Are double-blind studies valuable? Of course, they are — because that's what homeopathy is based on is double blind studies. That's what provings are.

But on a day-to-day basis, if you're not willing to read up on the provings of each of these homeopathic medicines, but you use this drug, or you use this homeopathic medicine, you see the results. After a while, if you can step outside of the box — the box usually is your doctor knows best, and this is the drug for you, and off you go. That's the box we want you to step outside of.

Instead, I want you to think, “The doctor has prescribed this. What other alternative do I have, and how bad is this drug?”

Or, if you are already taking the drug: “I have this condition and now it's time to find out whether or not it's actually a side effect of a drug that I've been taking.”

So, you're looking under “leg pain”, “leg cramps”, “pain in calves”; you're looking for synonyms — “caused by” then the name of your drug.

Kate:  Joette, you have a list — some examples in front of you, I think (at least last time that we talked). And you could tell some other examples of some side effects from some drugs that people usually don't see.

Sobering Effects from Drugs

Joette:  Well, this one everyone saw back when I was a child and earlier. But I'm going to start out with it because it is the most infamous of all drugs that cause such serious problems.

The drug is thalidomide.

If you're from the ‘40s or the ‘50s or the ‘60s, you might remember that this was a drug that was given to pregnant women for nausea. It was when they also had anxiety, or they felt down during their pregnancy.

What it did was, they delivered babies that had deformed limbs. Some of them had no limbs. Or their hand was attached to their shoulder, and there was no arm. It was often multi-limbed, so that it was perhaps all four limbs, or just two of them were deformed.

I've known people who were babies of this drug. So — thalidomide. Of course, they assured these mothers that this was safe. But how do we know that it's safe until it's been used for a few years or so?

Kate:  Right.

Joette:  But then there's Accutane. That's a name that many folks might, and that was for acne. That caused birth defects as well. That was a pretty dangerous drug, and it was yanked off the market.

Then there are fluoroquinolones, and that's Cipro. It's an antibiotic, and it was used like candy.

“Oh, you got an ear infection. Here you go.” (Instead of thinking about Hepar sulph or Chamomilla or something like that.) “Here, take this.”  

And that caused tendon ruptures.

I had one particular client that I remember — and others as well, but one in particular. It was a young priest who came to me with tremendous pain in his tendons. He couldn't wear shoes. He could only wear sandals because the pain was so severe in his feet, but mostly it was in his legs. He was suspicious that it was a tendon.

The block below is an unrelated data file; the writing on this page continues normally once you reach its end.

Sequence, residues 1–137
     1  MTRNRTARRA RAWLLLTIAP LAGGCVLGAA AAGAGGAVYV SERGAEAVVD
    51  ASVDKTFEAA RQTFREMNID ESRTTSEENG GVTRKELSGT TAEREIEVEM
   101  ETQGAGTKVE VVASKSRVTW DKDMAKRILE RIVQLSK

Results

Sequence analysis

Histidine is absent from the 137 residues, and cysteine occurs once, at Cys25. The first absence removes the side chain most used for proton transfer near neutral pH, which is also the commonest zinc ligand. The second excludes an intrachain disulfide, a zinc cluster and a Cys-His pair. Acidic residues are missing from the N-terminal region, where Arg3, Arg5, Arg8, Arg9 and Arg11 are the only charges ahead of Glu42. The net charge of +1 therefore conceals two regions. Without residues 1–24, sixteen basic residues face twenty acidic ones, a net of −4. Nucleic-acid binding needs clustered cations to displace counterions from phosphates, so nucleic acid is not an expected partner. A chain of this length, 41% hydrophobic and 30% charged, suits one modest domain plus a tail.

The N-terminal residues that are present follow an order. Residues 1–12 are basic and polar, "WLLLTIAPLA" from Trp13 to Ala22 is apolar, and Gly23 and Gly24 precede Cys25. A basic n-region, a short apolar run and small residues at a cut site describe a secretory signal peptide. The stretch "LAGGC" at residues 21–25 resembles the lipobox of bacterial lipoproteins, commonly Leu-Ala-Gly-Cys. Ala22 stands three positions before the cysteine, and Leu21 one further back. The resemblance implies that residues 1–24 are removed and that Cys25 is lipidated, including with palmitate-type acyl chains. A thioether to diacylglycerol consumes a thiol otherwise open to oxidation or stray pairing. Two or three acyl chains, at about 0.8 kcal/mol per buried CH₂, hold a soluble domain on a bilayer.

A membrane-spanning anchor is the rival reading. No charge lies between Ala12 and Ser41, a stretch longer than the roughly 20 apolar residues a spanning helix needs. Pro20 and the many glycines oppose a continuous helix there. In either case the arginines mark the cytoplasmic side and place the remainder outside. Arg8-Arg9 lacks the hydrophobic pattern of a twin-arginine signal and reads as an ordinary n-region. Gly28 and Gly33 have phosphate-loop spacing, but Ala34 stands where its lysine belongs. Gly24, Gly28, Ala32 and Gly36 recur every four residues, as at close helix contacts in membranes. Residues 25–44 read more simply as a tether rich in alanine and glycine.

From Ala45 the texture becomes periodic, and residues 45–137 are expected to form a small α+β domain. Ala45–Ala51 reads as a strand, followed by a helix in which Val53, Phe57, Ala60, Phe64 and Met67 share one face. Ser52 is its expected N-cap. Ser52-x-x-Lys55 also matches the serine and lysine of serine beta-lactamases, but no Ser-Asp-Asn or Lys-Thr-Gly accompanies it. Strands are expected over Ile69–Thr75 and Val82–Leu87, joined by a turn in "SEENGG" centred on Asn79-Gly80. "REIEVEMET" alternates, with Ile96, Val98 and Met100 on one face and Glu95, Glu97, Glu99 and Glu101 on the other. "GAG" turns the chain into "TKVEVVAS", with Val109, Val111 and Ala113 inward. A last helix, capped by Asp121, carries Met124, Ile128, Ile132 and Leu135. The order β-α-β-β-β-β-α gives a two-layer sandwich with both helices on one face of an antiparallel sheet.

And later on, we found out that he had taken fluoroquinolones, and at that time, they were just becoming suspect in rupturing tendons especially of the legs.

Tendon ruptures — because he had a urinary tract infection. Instead of taking Cantharis, he took something that caused his tendons to rupture.

Then there is Viox which was for arthritis. That's V–I–O–X, and that caused strokes and death.

Let's see, balance that out.

Arthritis on one hand, stroke and death on the other hand!

These are extremes. These are not what I would call side effects, folks. I would call these sobering effects. Because each of these conditions were not that dangerous to start with that these drugs were treating, and instead the outcomes were much more severe.

How about Raptiva? That was for psoriasis, and that caused fatal brain infections. Who has brain infections? That's not very common, but Raptiva caused that.

Then there was Zelnorm, and that was for constipation. It caused 500,000 strokes in … I don't know if it was North America, I don't know where that was totally … but 500,000 regardless of where that is, that's a lot.

Kate:  Right. But you didn't have the constipation anymore?

Joette:  No.

Kate:  Oh, my gosh. It's just maddening!

Joette:  I know. Constipation. So, prunes! I mean, if you don't know anything about homeopathy.

How about Nux vomica 30 for constipation? How about Mag phos 6? How about Plumbum? How about Lycopodium? There are so many beautiful homeopathic medicines that correct constipation.

Then there's my all-time favorite: Depo-Provera. What that is − is an injection that was given and still is given, only now, it's not exactly Depo-Provera. They have offshoots of it, where you get an injection, and then for one year, you don't get your period.

Can you imagine that? You don't get your period for an entire year because of a synthetic progesterone.